The film is based on the musical recording of the famous opera by Modest Mussorgsky about the tragic events surrounding the ruling of the Russian tsar Boris in the early 17th century. The recording was actually made two years before the filming with the participation of the Washington Symphony Orchestra (conducted by Mstislav Rostropovich) and several opera stars (the part of Marina is sung by Galina Vishnevskaya). Zulawski made the film just as we would be watching the theatrical performance. Then we are going through the sets and, finally, we notice the film crew. The director deliberately filled the picture with a plenty of anachronisms making the implications on the Soviet history and the other dictatorships of the 20th century.
Modest Mussorgsky's opera in prologue and four acts is performed by the Kirov Opera with performances from Olga Borodina, Alexei Steblianko and Sergei Leiferkust. Boris Godunov has obtained the throne of Russia by murdering the rightful heir Dmitry. An old monk, Pimen, witnessed this, and convinces his apprentice Grigory to avenge Dmitry's death. In the following years Grigory poses as Dmitry, raising an army against Boris, who is now convinced that he is being punished for the murder.
Boris Godunov is the story not only of a troubled leader but of an entire nation, and its history is as eventful as that of Mother Russia herself. In this new production, the legendary director Andrei Konchalovsky presents a personal vision of the opera that takes Mussorgsky’s bare and monumental first version as its basis, while adding the final scene from the composer’s revision, in which not only the Tsar but the people themselves reveal their fatal flaws. Orlin Anastassov stars in the title role, conducted by Gianandrea Noseda.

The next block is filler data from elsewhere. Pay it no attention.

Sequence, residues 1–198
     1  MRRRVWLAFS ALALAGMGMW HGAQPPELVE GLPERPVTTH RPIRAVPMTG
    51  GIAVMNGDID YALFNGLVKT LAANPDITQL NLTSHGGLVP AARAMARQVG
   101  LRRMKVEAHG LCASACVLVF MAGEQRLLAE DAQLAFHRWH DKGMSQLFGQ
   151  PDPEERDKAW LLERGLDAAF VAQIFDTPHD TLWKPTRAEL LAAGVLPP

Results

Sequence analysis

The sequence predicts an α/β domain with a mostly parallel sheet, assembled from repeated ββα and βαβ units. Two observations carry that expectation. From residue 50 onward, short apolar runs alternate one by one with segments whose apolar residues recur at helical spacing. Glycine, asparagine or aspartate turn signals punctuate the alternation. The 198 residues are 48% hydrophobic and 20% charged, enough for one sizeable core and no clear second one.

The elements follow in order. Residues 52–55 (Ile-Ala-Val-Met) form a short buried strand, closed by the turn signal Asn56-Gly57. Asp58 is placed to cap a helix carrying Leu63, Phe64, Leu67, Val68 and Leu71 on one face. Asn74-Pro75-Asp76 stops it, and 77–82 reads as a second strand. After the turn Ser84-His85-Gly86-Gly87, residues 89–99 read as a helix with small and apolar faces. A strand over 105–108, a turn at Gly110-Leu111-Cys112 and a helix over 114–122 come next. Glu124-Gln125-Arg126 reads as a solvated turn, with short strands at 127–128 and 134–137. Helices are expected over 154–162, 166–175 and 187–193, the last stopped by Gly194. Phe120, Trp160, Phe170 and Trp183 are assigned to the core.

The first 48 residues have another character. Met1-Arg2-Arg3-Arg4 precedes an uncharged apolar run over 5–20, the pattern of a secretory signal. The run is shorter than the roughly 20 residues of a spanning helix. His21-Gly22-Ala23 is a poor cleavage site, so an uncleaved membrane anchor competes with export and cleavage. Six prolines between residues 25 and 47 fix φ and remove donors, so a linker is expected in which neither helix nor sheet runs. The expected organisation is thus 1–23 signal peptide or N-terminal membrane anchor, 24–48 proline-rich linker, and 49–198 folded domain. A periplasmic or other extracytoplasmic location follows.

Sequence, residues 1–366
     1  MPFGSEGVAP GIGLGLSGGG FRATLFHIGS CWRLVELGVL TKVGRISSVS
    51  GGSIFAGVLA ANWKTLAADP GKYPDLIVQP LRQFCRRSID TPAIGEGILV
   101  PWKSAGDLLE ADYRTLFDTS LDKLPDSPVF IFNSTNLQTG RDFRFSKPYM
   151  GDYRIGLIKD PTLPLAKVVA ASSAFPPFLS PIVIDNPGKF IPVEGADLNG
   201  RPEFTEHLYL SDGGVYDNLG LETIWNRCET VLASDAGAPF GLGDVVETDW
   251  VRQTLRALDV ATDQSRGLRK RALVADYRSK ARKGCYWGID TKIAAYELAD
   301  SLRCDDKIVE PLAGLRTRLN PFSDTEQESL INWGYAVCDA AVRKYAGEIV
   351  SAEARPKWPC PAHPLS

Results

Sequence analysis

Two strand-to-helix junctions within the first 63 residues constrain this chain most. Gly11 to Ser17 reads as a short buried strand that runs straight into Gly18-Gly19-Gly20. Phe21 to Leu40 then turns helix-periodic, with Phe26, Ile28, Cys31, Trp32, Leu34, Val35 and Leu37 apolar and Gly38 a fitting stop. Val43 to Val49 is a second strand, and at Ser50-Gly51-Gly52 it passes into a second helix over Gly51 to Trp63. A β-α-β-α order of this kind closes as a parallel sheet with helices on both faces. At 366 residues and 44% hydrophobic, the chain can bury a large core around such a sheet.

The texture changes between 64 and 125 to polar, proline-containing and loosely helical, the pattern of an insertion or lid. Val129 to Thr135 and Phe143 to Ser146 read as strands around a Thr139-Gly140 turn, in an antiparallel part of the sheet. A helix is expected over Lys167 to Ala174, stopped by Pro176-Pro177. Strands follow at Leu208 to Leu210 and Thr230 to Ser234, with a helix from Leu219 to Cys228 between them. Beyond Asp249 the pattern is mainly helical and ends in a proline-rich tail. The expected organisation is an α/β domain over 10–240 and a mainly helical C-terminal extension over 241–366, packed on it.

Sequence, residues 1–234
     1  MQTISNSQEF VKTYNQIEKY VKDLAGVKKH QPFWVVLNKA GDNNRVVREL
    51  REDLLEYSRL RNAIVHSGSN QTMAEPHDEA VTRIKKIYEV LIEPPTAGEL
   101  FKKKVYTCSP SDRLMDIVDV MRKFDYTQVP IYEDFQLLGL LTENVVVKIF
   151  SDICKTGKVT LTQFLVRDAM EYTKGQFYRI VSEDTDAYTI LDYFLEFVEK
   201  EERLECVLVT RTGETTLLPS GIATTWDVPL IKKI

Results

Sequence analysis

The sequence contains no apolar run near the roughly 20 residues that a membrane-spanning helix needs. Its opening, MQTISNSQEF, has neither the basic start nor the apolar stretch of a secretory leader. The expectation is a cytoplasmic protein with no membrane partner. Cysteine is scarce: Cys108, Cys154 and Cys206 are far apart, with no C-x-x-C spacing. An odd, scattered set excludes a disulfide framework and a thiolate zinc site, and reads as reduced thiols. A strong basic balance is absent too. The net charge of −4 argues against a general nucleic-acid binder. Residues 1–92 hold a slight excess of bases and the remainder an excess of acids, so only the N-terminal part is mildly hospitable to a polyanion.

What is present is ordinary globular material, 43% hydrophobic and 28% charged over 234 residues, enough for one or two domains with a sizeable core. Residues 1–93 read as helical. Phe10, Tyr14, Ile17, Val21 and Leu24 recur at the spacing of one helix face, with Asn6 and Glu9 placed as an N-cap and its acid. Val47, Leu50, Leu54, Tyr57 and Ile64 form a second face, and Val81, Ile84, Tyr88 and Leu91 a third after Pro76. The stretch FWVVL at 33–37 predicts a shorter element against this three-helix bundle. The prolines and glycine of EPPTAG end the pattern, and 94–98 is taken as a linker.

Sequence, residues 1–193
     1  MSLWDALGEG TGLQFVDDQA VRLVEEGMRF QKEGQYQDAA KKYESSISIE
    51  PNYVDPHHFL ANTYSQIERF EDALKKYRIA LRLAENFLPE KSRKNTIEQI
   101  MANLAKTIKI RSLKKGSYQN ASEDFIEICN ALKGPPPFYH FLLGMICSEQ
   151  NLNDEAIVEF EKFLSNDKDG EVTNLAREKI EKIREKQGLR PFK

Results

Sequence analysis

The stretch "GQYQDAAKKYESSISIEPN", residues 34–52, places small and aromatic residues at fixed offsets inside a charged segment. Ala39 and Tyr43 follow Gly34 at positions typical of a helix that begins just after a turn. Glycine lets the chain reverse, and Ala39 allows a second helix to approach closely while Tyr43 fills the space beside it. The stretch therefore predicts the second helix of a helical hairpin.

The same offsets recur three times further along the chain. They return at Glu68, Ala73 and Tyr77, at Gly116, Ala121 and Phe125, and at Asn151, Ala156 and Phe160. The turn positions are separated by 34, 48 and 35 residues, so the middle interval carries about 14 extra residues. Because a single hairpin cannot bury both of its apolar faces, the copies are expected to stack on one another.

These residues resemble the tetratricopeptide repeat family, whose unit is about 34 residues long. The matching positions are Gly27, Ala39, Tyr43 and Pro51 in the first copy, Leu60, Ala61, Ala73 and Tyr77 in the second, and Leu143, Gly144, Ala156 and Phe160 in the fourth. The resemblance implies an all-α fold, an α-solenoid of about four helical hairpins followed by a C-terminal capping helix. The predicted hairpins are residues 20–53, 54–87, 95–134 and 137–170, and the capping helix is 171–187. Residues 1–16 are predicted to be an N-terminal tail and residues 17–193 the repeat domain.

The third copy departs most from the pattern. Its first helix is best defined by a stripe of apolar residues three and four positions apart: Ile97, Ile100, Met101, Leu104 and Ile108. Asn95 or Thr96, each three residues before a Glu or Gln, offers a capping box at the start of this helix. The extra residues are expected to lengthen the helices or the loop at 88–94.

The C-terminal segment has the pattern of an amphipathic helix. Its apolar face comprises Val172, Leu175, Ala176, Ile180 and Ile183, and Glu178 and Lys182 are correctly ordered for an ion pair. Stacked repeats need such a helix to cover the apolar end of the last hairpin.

Boris Ivanovich Tishchenko was a Russian and Soviet composer and pianist. His output includes eight symphonies, two violin concertos, two cello concertos, a piano concerto, six string quartets, two cello sonatas, ten piano sonatas, a requiem, chamber and vocal works, the opera The Stolen Sun, the operetta A Cockroach, three ballets The Twelve, Fly-bee and Yaroslavna (The Eclipse), and incidental music for theatre and film…..
A sequence of beautiful wintry pictures from Moscow – the Moscow River, the Kremlin etc – bring us to the Bolshoi Theatre, a quick interior and then the applause for conductor Alexander Lazarev and we are in the pit for the prelude. After that the opera unfolds scene by scene in a lavish production, colourful, realistic, traditional, with magnificent stage-sets and a throng of choristers and extras filling the enormous stage of the Bolshoi, reminding us that the main protagonist in this opera is the Russian people… – Göran Forsling, MusicWeb International